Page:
Turkey Promises Orthodox Policy at Private Central Bank Meeting

Turkey’s central bank promised economists that its policy is becoming simpler and more predictable, according to two people who attended a private meeting in Ankara today.

Deputy Governor Mehmet Yorukoglu and Abdullah Yavas, a member of the monetary policy committee, told the economists that the bank is moving toward a more orthodox policy where the benchmark one-week repurchase rate will be the main instrument for funding banks, according to Bora Tamer Yilmaz of Ziraat Investment and Inanc Sozer of Odeabank AS, who were at the meeting.

“Bank officials said that they wanted their policies to be viewed as more orthodox and more predictable,” Yilmaz said.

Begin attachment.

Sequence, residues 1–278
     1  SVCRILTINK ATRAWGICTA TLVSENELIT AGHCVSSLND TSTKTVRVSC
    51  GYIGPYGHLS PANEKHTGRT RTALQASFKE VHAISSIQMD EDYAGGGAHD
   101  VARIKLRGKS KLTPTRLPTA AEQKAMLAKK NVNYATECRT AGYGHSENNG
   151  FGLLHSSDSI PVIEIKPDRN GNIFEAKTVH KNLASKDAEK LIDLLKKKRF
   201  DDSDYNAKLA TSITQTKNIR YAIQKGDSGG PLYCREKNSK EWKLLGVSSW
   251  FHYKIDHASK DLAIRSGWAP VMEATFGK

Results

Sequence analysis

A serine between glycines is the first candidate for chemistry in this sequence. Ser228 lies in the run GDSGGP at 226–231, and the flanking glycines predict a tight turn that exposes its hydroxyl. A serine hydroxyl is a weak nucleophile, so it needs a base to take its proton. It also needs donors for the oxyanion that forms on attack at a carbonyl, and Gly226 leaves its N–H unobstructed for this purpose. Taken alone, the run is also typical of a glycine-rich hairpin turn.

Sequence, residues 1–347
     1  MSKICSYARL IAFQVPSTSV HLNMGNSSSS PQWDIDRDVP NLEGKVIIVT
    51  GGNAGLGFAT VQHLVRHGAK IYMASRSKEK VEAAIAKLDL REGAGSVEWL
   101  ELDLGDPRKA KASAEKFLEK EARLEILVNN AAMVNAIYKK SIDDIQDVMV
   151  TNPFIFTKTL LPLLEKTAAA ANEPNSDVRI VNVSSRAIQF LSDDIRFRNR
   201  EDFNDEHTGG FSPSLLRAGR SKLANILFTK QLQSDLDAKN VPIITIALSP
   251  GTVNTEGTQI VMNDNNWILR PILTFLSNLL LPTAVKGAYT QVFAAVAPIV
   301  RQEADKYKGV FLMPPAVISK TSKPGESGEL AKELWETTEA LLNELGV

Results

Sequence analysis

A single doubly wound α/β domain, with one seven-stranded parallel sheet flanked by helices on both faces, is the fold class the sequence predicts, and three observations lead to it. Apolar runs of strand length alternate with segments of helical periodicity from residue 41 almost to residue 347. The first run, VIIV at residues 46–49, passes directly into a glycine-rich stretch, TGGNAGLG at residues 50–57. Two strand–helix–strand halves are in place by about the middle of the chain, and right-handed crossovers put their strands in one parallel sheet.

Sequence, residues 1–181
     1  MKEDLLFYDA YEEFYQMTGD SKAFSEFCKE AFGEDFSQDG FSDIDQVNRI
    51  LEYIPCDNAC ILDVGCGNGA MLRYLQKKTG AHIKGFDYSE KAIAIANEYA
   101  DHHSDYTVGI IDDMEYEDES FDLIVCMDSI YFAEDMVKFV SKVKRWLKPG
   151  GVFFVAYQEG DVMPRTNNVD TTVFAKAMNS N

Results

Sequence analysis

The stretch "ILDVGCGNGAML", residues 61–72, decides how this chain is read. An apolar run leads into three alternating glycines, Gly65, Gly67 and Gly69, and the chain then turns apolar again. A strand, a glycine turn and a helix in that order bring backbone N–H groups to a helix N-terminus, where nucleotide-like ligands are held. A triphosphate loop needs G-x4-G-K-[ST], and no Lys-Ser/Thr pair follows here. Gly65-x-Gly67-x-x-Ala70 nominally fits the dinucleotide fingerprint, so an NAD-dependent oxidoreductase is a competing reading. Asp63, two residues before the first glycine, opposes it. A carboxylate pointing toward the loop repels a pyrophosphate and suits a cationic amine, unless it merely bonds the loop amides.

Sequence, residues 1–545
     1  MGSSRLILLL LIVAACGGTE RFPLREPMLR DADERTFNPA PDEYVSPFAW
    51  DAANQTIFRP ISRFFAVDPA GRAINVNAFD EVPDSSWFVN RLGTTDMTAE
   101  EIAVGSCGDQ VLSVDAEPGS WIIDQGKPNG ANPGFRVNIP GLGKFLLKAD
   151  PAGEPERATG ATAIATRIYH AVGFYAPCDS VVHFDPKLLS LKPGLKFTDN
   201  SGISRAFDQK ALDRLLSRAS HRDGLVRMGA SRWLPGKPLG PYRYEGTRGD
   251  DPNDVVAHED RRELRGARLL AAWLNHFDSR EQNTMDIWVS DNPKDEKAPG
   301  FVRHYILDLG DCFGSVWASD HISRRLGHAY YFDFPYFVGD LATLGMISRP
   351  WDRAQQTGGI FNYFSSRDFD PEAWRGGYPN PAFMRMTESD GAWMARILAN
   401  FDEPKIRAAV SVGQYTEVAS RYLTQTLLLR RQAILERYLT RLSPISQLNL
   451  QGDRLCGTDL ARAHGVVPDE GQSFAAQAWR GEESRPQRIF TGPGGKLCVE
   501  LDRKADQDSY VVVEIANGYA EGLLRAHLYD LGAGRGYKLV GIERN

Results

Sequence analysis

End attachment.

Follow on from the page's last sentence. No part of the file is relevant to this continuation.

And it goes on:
Turkey’s central bank developed an interest-rate corridor since 2010 that allowed it to vary monetary conditions on a daily basis. Critics said the system was over-complicated, and called it a way of circumventing political opposition to higher rates. The bank reversed course last month, raising all its main rates at an emergency meeting as it sought to stem a plunge in the lira.

The bank will keep policy tight until it’s confident that inflation, which was 7.8 percent last month, is slowing toward the target of 5 percent by mid-2015, Sozer said.

The move toward orthodoxy suggests the rates corridor will be symmetrical, with the overnight lending and borrowing rates that mark its boundary at an equal distance from the benchmark, Yilmaz said.

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